At the first opportunity Fowler went to Harrison County and heard O’Conner’s side of the story in person and was partially won over to the preacher’s version of events. . Unfortunately O’Conner died soon after that visit in October, 1843, and was buried near Marshall. He was only 27 years old. The following April, when Fowler went to the 1844 General Conference in New York, he stopped in Cincinnati to make a pastoral call on O’Conner’s parents. He wrote back to his wife, Missouri, that Mrs. O’Conner cried as if her son had just been buried.

The correspondence concerning the O’Conner-Alexander affair is in the Fowler Collection at Bridwell Library, Perkins School of Theology, SMU. .

Saturday, July 24, 2010

This Week in Texas Methodist History July 25

Chauncey Richardson Reports on Church Dedication at Montgomery, July 27, 1851

Montgomery had been a preaching point for Methodist circuit riders while Texas was still part of the Mississippi Conference. Ike Strickland is credited with organizing a church at the home of William Sanders on Dec. 30, 1838. Evidently the church grew slowly because just two weeks later Strickland wrote Littleton Fowler asking for a transfer because the area was too thinly settled.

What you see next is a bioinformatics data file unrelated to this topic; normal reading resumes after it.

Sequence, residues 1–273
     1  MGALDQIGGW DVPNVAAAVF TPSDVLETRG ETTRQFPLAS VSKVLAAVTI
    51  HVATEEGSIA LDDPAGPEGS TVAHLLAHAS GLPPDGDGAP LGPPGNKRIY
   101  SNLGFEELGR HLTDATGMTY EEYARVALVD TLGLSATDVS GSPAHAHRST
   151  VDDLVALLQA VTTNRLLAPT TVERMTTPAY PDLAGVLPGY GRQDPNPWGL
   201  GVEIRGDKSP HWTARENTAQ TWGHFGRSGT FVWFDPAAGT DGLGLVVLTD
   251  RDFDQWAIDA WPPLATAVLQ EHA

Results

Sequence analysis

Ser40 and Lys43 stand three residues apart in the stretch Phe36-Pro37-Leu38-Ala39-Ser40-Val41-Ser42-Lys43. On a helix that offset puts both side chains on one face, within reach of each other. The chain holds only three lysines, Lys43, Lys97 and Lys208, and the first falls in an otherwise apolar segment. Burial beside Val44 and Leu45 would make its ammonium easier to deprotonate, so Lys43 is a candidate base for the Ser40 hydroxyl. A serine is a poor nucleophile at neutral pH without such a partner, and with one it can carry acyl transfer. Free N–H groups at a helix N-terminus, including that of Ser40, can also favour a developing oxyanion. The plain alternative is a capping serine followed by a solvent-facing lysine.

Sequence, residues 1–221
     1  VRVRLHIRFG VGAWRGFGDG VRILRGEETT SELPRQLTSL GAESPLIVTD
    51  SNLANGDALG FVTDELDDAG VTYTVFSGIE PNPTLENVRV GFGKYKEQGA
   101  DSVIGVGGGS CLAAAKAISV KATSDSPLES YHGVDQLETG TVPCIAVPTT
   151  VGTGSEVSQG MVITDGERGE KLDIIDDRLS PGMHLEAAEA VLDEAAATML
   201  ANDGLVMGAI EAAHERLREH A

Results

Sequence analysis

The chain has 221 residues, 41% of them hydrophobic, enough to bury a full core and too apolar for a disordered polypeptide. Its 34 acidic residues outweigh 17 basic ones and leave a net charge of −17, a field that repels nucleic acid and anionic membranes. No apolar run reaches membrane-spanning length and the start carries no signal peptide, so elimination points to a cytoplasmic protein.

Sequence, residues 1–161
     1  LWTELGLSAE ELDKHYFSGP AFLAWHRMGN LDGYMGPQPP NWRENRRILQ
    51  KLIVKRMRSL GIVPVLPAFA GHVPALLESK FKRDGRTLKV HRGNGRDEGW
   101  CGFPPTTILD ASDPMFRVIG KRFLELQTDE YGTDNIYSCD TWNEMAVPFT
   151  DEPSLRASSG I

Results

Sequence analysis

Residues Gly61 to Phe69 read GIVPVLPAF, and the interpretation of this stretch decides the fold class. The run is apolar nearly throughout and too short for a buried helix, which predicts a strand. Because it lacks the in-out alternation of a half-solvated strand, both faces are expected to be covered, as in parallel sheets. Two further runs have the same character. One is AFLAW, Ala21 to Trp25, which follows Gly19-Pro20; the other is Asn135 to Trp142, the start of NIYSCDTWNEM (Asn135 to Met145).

By 1851 the population had grown large enough to build a church building. Chauncey Richardson wrote about the dedicatory services of the church named Alexander Chapel after Robert Alexander. Today Montgomery is a bustling small city with an attractive Methodist church building, a large high school, and many residential developments on the western shores of Lake Conroe.

Here’s what Richardson wrote about the Montgomery church.